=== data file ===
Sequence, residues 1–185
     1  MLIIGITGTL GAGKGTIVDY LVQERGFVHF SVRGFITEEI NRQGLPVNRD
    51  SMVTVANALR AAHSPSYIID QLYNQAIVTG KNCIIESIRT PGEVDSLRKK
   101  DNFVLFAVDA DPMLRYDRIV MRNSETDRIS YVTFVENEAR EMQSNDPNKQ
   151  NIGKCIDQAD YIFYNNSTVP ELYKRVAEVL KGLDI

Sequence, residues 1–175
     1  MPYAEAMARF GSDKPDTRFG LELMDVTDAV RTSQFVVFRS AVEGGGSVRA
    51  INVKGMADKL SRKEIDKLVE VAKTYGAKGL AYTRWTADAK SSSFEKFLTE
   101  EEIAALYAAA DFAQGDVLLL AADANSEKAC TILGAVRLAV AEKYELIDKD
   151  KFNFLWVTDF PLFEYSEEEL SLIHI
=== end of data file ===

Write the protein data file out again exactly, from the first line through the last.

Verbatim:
Sequence, residues 1–185
     1  MLIIGITGTL GAGKGTIVDY LVQERGFVHF SVRGFITEEI NRQGLPVNRD
    51  SMVTVANALR AAHSPSYIID QLYNQAIVTG KNCIIESIRT PGEVDSLRKK
   101  DNFVLFAVDA DPMLRYDRIV MRNSETDRIS YVTFVENEAR EMQSNDPNKQ
   151  NIGKCIDQAD YIFYNNSTVP ELYKRVAEVL KGLDI

Sequence, residues 1–175
     1  MPYAEAMARF GSDKPDTRFG LELMDVTDAV RTSQFVVFRS AVEGGGSVRA
    51  INVKGMADKL SRKEIDKLVE VAKTYGAKGL AYTRWTADAK SSSFEKFLTE
   101  EEIAALYAAA DFAQGDVLLL AADANSEKAC TILGAVRLAV AEKYELIDKD
   151  KFNFLWVTDF PLFEYSEEEL SLIHI